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I'm on the road to nowhere!

"Fools may become wise"

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Remember remember, the 5th of November, gunpowder, treason & plot! Yes folks, coming up is Guy Fawkes, or bonfire night (in the UK), usually running up a week before where people enjoy burning money, creating a smokey atmosphere & looking at pretty flashing lights:)

For those of you NOT in the UK your probably wondering what the hell he's on about! It is however apparently celebrated in some ex colonial areas:)

Wiki as usual has an unusual title for Gay Fuckes night:) Look it up yourself.

It's a lot of fun if your a kid, big kid or just like pretty lights & bangs. (And your not Bill Baily's dog)

My experiences. Various bonfire night parties at home, & at friends. Usually someone gets lumbered with lighting fireworks while everyone either A watches in awe. B the kids watch & the rest of the lads go off to watch footie!

Memorable bonfires, definitely a few in my time. There's something fairly primitive but satisfying about building an effigy & watching it burnt a fanatically built bonfire.

Alexandra Palace, this gets a mention as I can watch the fireworks from the comfort of my house. Lame maybe. But it makes for some great pics:) They DO have a specacular display although last year seemed to be cut a little? Budget, weather. You do of course home for cool, clear dry weather!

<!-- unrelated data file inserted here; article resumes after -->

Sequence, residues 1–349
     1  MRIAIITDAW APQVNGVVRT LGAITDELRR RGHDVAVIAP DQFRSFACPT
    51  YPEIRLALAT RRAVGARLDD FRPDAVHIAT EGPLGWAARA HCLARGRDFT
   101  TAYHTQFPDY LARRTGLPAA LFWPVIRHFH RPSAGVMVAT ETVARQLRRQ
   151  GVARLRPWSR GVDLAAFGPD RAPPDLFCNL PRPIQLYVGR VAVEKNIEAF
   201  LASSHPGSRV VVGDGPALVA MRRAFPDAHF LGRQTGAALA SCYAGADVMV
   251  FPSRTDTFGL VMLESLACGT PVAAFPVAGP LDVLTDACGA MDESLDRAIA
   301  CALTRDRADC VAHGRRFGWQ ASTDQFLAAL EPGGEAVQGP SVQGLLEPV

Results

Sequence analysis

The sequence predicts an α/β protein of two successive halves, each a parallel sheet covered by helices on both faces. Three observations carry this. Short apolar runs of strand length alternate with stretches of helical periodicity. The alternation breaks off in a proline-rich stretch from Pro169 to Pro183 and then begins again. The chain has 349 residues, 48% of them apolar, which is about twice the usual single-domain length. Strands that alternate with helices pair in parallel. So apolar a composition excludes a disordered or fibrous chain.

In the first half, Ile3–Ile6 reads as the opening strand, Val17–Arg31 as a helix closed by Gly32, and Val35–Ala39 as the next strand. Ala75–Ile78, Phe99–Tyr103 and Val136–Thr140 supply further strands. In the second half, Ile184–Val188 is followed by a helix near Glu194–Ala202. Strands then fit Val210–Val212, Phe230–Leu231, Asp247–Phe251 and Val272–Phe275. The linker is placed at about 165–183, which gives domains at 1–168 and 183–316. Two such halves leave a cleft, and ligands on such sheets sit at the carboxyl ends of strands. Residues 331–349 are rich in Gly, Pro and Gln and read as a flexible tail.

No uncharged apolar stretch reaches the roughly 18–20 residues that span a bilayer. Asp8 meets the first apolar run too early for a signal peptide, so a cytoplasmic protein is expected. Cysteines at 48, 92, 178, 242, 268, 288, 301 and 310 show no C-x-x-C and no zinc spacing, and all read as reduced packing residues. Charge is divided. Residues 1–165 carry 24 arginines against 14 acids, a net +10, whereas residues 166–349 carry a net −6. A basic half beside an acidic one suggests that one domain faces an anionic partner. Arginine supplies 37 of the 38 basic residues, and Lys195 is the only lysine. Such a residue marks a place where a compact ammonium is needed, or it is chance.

All about Guy Fawkes & his Gunpowder Plot according to answers dotcom!

* Born: 13 April 1570
* Birthplace: Stonegate, York, England
* Died: 31 January 1606
* Best Known As: Most famous member of England's "Gunpowder Plot"

Guy Fawkes is the most famous among the conspirators who took part in 1605's "Gunpowder Plot," a failed attempt to blow up King James I of England and the Houses of Parliament. Fawkes and his partners were Roman Catholics who decided desperate measures were required to replace the king, a Protestant. The plot was hatched in the spring of 1604 by Robert Catesby, and eventually came down to a plan to blow up the parliament on 5 November 1605, the date of an official opening attended by members of both houses as well as the king. Fawkes and a dozen others took part in the plot, with Fawkes designated as the one in charge of the explosives. (During the 1590s he served in the Spanish army in the Netherlands, and it is thought he had experience with munitions.) Fawkes and his cohorts stashed 36 barrels -- nearly two tons -- of gunpowder in a rented cellar beneath the House of Lords. A search of the cellar the night of 4 November found the explosives and Fawkes, and he was arrested and tortured; within a few days the other conspirators were either killed or captured. On 31 January he was executed, after being tried and convicted of treason. Because the plot was foiled, 5 November was designated a holiday, but over time the holiday has also become a celebration of Fawkes's revolutionary intent. English traditions on Guy Fawkes Night include bonfires, fireworks and the burning of effigies known as "guys."

The 5th also has other memories for me, but I will blog that in another post.